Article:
Steven Slate is all over the pro audio world these days, what with his high end analogue gear, the excellent Slate Digital plug-ins and his stunningTrigger drum replacement processor.
It’s hard to imagine how he found the time to record the thousands of new samples for SSD4. Both Trigger and SSD3 have found great favour with industry professionals over the past few years so he could be excused for resting on his laurels. Fortunately for us he hasn’t and instead has pushed on with a whole raft of new features in SSD4.
“After launching it for the first time we were programming a drum track within five minutes having already built our own custom kit.”
For those of you familiar with SSD3 you will know that until now Slate has used the excellent Kontakt player. Instead of staying with that SSD4 features a new player based around the Trigger engine.
This gives you all the options you would expect, load a preset kit, build your own, mix them, assign to discrete outputs, customise MIDI maps, load MIDI grooves and even load your own samples. So let’s walk through.
Once launched you will see a list of buttons on the left. The first of these, ‘Construct Kit’ gives you two options in the Library Browser, to either load a preset kit or just individual kit pieces.
The new kits are the ‘Deluxe’ versions and come in categories such as rock, vintage, funk, and so on, and then you get SSD Classic, which are all the ones we know from SSD3 and finally, a bit of a departure for Slate, electronic kits. Mr Slate has enlisted producer Griffin Boice to provide this set, and judging by the sound of them it was a wise choice.
If the very broad selection of presets doesn’t give you what you want then you can always build the kit from scratch. As it’s just drag and drop, this is very simple. You can choose your view of the drums, either as a kit or a series of cells, but either way you just drag onto the position you want.
Having chosen your kit you can then fine-tune it in the edit instrument page. The first bit of this to look at is on the left and is where you can change the volume and pitch of each drum.
For a complex drum such as the snare you can individually adjust the volume of each element, although as they are very well balanced already you will find yourself mostly adjusting the global level. You can also change the trigger note for each element here.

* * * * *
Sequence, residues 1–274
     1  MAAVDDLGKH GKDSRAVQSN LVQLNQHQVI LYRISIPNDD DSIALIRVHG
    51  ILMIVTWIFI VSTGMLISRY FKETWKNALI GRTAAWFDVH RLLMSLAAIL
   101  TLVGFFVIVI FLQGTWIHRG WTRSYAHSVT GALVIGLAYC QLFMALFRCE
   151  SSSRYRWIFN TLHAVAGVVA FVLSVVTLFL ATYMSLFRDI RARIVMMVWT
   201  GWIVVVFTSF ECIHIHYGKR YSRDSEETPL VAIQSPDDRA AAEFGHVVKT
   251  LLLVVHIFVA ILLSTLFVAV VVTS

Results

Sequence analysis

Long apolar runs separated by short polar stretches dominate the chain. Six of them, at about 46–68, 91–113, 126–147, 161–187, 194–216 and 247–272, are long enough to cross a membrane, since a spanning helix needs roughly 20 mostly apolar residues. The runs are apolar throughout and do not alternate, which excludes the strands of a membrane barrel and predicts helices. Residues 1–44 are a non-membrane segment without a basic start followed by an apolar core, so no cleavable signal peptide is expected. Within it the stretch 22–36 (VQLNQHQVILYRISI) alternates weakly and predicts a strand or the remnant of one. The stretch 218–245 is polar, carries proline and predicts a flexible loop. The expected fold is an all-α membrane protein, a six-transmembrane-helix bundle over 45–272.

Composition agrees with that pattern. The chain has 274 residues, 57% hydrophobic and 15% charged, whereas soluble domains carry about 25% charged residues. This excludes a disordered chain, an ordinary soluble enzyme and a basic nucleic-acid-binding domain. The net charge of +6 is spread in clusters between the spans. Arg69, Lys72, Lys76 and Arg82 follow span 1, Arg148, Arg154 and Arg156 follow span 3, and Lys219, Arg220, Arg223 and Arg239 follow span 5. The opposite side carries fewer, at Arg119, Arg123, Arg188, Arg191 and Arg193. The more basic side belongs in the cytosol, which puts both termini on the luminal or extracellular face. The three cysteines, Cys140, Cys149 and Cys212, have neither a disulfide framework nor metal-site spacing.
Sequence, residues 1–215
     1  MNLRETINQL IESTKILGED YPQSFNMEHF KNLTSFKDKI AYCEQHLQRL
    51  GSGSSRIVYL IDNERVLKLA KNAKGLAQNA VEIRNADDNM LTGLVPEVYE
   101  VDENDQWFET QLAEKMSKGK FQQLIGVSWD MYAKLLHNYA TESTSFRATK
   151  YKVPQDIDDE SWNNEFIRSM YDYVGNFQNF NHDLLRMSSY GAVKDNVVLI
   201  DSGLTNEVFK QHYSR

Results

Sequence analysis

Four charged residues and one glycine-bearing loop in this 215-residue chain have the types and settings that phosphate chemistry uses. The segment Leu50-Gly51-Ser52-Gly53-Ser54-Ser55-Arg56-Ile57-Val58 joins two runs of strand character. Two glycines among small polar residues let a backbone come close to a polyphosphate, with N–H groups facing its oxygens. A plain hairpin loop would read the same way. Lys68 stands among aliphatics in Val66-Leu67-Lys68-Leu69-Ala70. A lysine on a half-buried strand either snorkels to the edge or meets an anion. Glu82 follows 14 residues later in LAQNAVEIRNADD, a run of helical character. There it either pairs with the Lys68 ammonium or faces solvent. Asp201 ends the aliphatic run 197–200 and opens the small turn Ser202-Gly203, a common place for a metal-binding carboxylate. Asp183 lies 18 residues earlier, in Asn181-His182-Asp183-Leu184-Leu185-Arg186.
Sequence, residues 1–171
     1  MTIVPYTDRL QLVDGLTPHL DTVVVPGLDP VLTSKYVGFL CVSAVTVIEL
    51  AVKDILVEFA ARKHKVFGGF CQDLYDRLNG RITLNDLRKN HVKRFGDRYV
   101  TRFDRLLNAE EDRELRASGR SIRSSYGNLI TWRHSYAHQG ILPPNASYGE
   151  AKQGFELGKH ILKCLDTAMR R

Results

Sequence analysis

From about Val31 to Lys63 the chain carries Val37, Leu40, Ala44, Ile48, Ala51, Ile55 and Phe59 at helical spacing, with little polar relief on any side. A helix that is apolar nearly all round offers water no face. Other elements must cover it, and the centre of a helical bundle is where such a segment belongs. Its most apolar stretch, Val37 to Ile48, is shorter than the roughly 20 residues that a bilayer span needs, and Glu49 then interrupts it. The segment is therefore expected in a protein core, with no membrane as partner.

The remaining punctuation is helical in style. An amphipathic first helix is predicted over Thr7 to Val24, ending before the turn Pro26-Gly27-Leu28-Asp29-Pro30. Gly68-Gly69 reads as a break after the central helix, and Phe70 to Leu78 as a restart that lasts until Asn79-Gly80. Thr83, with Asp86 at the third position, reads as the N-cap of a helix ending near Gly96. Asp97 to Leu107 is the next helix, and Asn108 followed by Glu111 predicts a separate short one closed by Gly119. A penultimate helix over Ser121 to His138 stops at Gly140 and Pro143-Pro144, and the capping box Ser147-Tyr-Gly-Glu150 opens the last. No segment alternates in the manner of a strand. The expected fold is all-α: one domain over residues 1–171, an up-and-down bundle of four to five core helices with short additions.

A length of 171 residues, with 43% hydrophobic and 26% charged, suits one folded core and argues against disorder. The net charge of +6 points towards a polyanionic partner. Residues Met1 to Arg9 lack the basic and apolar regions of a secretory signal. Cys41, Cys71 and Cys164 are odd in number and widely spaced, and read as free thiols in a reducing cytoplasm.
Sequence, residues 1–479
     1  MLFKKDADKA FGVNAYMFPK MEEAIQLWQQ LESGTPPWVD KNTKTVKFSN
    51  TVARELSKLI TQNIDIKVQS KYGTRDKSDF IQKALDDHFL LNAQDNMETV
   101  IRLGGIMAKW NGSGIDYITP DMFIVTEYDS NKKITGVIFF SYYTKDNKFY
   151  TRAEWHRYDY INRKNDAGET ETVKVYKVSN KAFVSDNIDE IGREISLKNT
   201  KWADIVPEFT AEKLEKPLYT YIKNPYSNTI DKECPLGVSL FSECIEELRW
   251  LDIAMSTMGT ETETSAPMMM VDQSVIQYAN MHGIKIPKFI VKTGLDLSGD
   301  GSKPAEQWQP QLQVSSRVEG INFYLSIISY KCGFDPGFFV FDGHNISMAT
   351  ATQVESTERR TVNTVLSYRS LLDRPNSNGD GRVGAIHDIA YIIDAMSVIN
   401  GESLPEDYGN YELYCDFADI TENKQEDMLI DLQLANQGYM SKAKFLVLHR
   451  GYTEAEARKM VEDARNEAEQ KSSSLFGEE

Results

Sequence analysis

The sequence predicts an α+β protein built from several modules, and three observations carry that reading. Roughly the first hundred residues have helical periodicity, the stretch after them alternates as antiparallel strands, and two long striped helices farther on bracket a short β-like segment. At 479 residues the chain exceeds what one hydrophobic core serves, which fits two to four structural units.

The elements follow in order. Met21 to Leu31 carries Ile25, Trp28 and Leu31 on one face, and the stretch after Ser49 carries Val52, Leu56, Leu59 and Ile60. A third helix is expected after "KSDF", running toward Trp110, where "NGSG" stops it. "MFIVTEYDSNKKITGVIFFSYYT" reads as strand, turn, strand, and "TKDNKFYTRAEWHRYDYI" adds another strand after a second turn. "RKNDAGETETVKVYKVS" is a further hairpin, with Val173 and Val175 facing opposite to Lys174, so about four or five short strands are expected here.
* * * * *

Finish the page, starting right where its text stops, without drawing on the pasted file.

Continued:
To the right is the mic section. As you select each kit piece you can then choose which microphone set you are editing. Cymbals have two mic sets, overheads and room, while every other kit piece has three: direct, overhead and room.
Just below where you select the mic set to edit you find the Routing Destination. Here you can decide where each mic set goes. While close mics go to discrete channels in the SSD4 mixer the OH and Ambience mics default to mixed stereo channels.
Below that you can adjust the pitch of each individual mic set and its attack and decay envelope. This enables you to tailor the sound of, say, the room mics without affecting the dry sound.
You’ll see that there are also MIDI groove and MIDI mapping options. These are as straightforward and easy to use as the rest of SSD4. You can audition the MIDI grooves directly in the player and when you find one you like just drag and drop into your DAW.
There are only a few of these right now but Slate will add to these as time goes on. As for MIDI mapping it is very simple and you can store your own settings – useful if you need to use it with different controller options.
Mixing it up
One of the great features of the Slate sound is that his samples take EQ, compression and other effects extremely well. In putting together the new player the Slate team has been very aware of how their customers want to use it.
While you may be happy to use the internal mixer and stick on some compression and EQ, and with the quality of the samples provided this is easily possible, most of us want to break out the sounds across our DAW mixer.
Launching SSD4 as a multi-output player does just this. Because of the flexible way you can route different mics to different outputs it is possible to do things you never could with a real kit: having different compression and EQ just on the kick and snare ambience to the rest of the kit, sending one kit element through a distortion and so on.
The combinations are endless, so there’s plenty of scope for serious sonic mischief.
The mark of a great drum instrument is that it is flexible enough to fit many styles of music, simple enough to work quickly and efficiently and comprehensive enough to really get in there and make your own sound from it.
SSD4 fits all those criteria. After launching it for the first time we were programming a drum track within five minutes having already built our own custom kit, assigned discrete outputs and fiddled with the pitch of a few sounds. We can see why Steven Slate decided to build a dedicated sample engine.
While we love Kontakt, this player suits drums down to the ground. Kits load fast, editing is very straightforward and the library sounds fantastic.
If there’s one point worthy of criticism in version 3 it’s that it’s far more suited to US rock, metal and pop productions than anything else. If you’ve wanted something quirky you’ve had to look elsewhere.
SSD4 has a much broader tonal palette and, combined with the ease of getting those individual outputs working, there’s a huge amount of scope to tailor sounds to your exact needs. Add to that the option of using your own samples and you have a serious creative tool on your hands. Excellent stuff – we love it